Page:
I really don't know what to do. He is quite good at home, listens to me in the end even if he is throwing a tantrum. I've tried a star chart, I've tried bribing (not a good idea!) I've tried giving out and I think I've exhausted all possible ideas. The teacher is punishing him, he's not allowed go out in the yard for the next few days, so maybe her telling me was another form of punishment and she doesn't actually expect me to punish him more?

I told him that if there was ever something bothering him, no matter what it was that he should tell me, that I wouldn't get angry with him. The teacher seems to think there might be something there. What do you think??
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Old 9th February 2005, 11:27 PM   #10
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What does he like to do at home? Watch TV? Play with other children or a favorite toy? Taking away things they like to do can be motivational. Remind him before he goes to school in the morning that he'll be able to do his favorite things only if you get a good report from the teacher.
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Old 10th February 2005, 9:43 AM   #11
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Hi Aaah,

Well that explains the misunderstanding about the word "bold" . How are you doing over there on the other side of the ocean?

You may have already done this, but could you have a talk with him about what "strong" means. He is probably getting the message from others that strong is about physical strength from alot of sources. Parents, though, have the most influence over their children at this age. Maybe you could tell him that being strong means acting appropriately when we are angry, treating others fairly and standing up for what is right and wrong (not necessarily in a physical way).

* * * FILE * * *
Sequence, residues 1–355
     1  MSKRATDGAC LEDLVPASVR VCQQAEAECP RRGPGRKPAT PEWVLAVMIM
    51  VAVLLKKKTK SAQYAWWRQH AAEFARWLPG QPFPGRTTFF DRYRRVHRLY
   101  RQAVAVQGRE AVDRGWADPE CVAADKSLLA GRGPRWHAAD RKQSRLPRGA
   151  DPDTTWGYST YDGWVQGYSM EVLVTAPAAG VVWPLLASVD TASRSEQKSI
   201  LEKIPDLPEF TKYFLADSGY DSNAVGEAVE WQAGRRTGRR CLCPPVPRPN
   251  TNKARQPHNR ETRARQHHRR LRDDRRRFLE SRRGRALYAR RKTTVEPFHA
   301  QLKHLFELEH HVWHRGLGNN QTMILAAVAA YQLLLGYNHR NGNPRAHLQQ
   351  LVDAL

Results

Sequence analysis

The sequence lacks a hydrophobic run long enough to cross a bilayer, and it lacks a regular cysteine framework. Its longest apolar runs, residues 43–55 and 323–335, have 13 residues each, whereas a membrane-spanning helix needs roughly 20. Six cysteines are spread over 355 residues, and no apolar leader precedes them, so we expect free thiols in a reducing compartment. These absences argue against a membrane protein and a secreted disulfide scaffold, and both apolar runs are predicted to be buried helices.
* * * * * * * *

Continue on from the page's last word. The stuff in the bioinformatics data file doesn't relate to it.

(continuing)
Anyways, good luck...

Cheers,
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Old 10th February 2005, 7:46 PM   #12
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Everything is fine over here, the weather isn't too bad (we think it's cold but it hasn't gone below zero). Well, I tried what you suggested. I even went to him and said 'hit mommy', to which he answered 'no' so I asked him why he wouldn't hit me and he said that he would hurt me. I told him that no matter what people tell you to do that if you know it's wrong you shouldn't do it, that you have the choice. And I really think he understood that.

Hopefully he'll be better, he is extremely bright and I'd hate to think the other children wouldn't play with him because of this.

Anyway, thanks everyone for all your help.
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Old 16th February 2005, 10:19 AM   #13
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Quote:
Originally posted by Moose
That's not your job. It's the Teacher's job to make the kids behave.
I have to say something about Moose's two statements.